Join us on the first Saturday of every month (June–October) as the Friends of the Kansas City Public Library present the eighth annual City Market Summer Book Sale, from 9 a.m.–2 p.m. At the City Market, 400 Grand St. - North Walkway next to the Steamboat Arabia. For additional information, contact firstname.lastname@example.org, or call 816.701.3468.
2015 commemorates not only the 125th anniversary of the birth of President Dwight D. Eisenhower, but also the U.S. Census Bureau’s declaration that the American frontier had closed. As historian Tim Rives explains, these two events are not unrelated.
Like other progressives of his generation, Eisenhower saw the extinction of the frontier as the end of the first phase of American history, and the beginning of a new age in which the federal government would replace the lost reservoir of free land and abundant resources with economic cooperation and individual security through social programs. More than any other single factor, Eisenhower’s interpretation of the vanished frontier is what distinguishes his “Middle Way” political philosophy from the conservative wing of the Republican Party he led through two terms as a president.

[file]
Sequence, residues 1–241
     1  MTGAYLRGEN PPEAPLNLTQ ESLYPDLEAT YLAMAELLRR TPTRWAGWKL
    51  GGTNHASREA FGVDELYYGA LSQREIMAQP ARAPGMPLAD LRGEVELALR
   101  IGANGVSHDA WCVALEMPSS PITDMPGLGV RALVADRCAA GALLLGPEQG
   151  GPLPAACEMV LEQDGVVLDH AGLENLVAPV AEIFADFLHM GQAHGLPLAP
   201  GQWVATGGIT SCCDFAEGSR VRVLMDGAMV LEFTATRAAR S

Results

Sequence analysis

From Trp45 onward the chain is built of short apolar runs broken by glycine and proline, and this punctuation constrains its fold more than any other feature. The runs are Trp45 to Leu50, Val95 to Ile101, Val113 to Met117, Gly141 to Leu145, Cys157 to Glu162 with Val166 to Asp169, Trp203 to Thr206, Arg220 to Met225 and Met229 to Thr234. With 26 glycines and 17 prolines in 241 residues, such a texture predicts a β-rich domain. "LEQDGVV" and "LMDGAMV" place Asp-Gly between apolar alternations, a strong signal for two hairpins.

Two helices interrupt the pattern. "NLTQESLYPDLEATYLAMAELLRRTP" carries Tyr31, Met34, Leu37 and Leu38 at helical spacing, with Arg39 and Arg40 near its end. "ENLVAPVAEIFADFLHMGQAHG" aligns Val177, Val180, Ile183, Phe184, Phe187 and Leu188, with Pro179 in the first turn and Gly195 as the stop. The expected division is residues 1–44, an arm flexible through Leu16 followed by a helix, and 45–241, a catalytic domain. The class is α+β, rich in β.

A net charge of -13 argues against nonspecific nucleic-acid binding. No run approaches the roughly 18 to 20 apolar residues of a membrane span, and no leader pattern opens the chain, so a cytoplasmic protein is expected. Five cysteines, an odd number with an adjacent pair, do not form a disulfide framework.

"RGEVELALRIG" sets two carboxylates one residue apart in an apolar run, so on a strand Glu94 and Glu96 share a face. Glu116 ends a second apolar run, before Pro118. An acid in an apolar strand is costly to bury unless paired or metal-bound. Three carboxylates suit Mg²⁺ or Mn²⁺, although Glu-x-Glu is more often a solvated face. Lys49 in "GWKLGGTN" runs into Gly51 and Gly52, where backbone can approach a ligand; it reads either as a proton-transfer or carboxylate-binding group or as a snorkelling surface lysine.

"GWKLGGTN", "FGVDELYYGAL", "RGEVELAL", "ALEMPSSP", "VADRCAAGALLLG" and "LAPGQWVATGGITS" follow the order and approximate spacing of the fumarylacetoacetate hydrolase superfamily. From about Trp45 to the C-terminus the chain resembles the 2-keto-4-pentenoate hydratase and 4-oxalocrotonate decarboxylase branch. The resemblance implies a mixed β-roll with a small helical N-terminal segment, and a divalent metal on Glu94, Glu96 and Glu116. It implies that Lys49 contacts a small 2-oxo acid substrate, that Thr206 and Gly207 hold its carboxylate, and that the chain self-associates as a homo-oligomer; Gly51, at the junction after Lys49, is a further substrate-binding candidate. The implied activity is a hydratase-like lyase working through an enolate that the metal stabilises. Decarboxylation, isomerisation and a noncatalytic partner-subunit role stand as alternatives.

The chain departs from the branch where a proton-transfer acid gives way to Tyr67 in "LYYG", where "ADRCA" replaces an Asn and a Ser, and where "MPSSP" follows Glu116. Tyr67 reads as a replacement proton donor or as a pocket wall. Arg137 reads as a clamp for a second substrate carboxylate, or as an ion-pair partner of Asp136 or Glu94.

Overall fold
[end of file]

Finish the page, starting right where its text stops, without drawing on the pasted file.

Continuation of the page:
Tim Rives is the deputy director and supervisory archivist of the Dwight D. Eisenhower Presidential Library, Museum and Boyhood Home in Abilene, Kansas.